Search Result for "forcing": 
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2 definitions retrieved:

The Collaborative International Dictionary of English v.0.48:

Force \Force\, v. t. [imp. & p. p. Forced; p. pr. & vb. n. Forcing.] [OF. forcier, F. forcer, fr. LL. forciare, fortiare. See Force, n.] 1. To constrain to do or to forbear, by the exertion of a power not resistible; to compel by physical, moral, or intellectual means; to coerce; as, masters force slaves to labor. [1913 Webster] 2. To compel, as by strength of evidence; as, to force conviction on the mind. [1913 Webster] 3. To do violence to; to overpower, or to compel by violence to one's will; especially, to ravish; to violate; to commit rape upon. [1913 Webster] To force their monarch and insult the court. --Dryden. [1913 Webster] I should have forced thee soon wish other arms. --Milton. [1913 Webster] To force a spotless virgin's chastity. --Shak. [1913 Webster] 4. To obtain, overcome, or win by strength; to take by violence or struggle; specifically, to capture by assault; to storm, as a fortress; as, to force the castle; to force a lock. [1913 Webster] 5. To impel, drive, wrest, extort, get, etc., by main strength or violence; -- with a following adverb, as along, away, from, into, through, out, etc. [1913 Webster] It stuck so fast, so deeply buried lay That scarce the victor forced the steel away. --Dryden. [1913 Webster] To force the tyrant from his seat by war. --Sahk. [1913 Webster] Ethelbert ordered that none should be forced into religion. --Fuller. [1913 Webster] 6. To put in force; to cause to be executed; to make binding; to enforce. [Obs.] [1913 Webster] What can the church force more? --J. Webster. [1913 Webster] 7. To exert to the utmost; to urge; hence, to strain; to urge to excessive, unnatural, or untimely action; to produce by unnatural effort; as, to force a conceit or metaphor; to force a laugh; to force fruits. [1913 Webster] High on a mounting wave my head I bore, Forcing my strength, and gathering to the shore. --Dryden. [1913 Webster] 8. (Whist) To compel (an adversary or partner) to trump a trick by leading a suit of which he has none. [1913 Webster] 9. To provide with forces; to re["e]nforce; to strengthen by soldiers; to man; to garrison. [Obs.] --Shak. [1913 Webster] 10. To allow the force of; to value; to care for. [Obs.] [1913 Webster] For me, I force not argument a straw. --Shak. Syn: To compel; constrain; oblige; necessitate; coerce; drive; press; impel. [1913 Webster]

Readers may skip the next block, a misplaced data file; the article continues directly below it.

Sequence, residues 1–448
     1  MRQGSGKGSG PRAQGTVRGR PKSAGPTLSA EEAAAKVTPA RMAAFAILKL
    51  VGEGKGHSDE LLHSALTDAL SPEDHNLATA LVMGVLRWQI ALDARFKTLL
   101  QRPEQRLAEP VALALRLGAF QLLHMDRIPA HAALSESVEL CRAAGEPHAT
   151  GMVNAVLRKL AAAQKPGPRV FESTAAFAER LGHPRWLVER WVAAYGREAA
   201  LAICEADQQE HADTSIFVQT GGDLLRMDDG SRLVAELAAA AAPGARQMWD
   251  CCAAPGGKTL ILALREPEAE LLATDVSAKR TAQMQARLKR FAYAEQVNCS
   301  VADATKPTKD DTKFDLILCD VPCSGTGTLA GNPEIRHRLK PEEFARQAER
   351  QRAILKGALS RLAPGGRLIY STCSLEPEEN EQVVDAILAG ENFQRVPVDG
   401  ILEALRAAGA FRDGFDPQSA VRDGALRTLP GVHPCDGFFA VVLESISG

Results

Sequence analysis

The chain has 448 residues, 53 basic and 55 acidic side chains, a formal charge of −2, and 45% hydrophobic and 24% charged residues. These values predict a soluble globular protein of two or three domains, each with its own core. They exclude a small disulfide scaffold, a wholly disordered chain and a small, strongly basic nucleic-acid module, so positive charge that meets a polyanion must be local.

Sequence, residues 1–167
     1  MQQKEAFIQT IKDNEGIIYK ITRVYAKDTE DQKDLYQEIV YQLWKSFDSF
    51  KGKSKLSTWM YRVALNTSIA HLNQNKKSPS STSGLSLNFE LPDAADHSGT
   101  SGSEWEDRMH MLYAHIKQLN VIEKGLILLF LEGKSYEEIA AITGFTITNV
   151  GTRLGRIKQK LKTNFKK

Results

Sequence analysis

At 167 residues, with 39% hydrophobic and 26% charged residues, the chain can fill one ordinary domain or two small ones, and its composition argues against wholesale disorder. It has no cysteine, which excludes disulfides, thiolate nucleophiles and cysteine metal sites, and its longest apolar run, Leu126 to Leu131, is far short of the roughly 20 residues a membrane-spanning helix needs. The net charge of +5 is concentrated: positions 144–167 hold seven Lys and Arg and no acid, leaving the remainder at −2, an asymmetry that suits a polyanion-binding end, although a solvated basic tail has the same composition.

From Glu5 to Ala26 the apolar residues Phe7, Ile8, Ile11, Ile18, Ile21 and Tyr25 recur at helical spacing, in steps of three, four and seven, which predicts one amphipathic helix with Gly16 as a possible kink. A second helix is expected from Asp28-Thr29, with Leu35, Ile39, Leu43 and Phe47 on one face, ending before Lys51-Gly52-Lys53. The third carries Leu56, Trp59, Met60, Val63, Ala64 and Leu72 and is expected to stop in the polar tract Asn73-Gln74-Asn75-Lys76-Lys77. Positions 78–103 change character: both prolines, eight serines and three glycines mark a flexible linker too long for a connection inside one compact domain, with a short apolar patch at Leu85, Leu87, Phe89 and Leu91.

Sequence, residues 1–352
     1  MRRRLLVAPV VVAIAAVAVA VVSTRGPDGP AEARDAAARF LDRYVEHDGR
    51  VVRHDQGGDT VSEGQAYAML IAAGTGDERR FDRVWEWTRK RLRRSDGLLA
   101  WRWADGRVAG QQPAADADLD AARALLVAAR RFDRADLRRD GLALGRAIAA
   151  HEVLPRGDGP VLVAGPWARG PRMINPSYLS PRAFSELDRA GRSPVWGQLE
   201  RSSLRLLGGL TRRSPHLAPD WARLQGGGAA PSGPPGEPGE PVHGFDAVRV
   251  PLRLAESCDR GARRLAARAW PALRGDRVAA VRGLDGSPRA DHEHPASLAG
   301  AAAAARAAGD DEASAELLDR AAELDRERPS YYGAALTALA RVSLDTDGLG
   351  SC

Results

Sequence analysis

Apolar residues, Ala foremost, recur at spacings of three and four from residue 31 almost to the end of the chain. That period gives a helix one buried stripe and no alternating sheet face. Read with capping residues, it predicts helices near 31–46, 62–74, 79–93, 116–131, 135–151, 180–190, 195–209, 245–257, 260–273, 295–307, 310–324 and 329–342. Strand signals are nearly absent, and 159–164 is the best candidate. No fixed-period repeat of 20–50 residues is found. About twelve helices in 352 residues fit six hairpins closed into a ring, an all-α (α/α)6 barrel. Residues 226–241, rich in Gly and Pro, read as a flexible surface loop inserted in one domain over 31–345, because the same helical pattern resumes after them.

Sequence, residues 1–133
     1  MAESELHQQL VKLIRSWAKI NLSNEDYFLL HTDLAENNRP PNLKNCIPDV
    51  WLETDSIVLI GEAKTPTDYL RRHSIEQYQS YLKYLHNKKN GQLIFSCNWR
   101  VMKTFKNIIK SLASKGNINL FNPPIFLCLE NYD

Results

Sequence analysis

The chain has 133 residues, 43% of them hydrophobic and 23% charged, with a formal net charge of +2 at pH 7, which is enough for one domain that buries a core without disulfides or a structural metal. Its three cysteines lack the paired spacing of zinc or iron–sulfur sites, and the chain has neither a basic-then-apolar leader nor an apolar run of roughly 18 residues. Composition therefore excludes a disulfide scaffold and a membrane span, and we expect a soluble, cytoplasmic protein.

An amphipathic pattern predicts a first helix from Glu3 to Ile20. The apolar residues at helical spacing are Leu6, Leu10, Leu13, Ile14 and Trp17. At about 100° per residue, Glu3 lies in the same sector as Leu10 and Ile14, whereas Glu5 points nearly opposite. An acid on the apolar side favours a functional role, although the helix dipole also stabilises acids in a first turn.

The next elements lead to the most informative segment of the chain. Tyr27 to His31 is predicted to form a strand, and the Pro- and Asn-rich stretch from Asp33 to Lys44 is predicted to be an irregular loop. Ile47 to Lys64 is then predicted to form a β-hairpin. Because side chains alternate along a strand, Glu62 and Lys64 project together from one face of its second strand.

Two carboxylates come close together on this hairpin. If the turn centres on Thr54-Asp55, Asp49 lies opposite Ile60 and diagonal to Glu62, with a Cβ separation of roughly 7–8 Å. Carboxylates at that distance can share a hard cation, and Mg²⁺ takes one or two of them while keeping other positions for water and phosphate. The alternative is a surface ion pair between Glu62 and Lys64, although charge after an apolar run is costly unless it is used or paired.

The Collaborative International Dictionary of English v.0.48:

Forcing \For"cing\, n. 1. The accomplishing of any purpose violently, precipitately, prematurely, or with unusual expedition. [1913 Webster] 2. (Gardening) The art of raising plants, flowers, and fruits at an earlier season than the natural one, as in a hitbed or by the use of artificial heat. [1913 Webster] Forcing bed or Forcing pit, a plant bed having an under layer of fermenting manure, the fermentation yielding bottom heat for forcing plants; a hotbed. Forcing engine, a fire engine. Forcing fit (Mech.), a tight fit, as of one part into a hole in another part, which makes it necessary to use considerable force in putting the two parts together. Forcing house, a greenhouse for the forcing of plants, fruit trees, etc. Forcing machine, a powerful press for putting together or separating two parts that are fitted tightly one into another, as for forcing a crank on a shaft, or for drawing off a car wheel from the axle. Forcing pump. See Force pump (b) . [1913 Webster]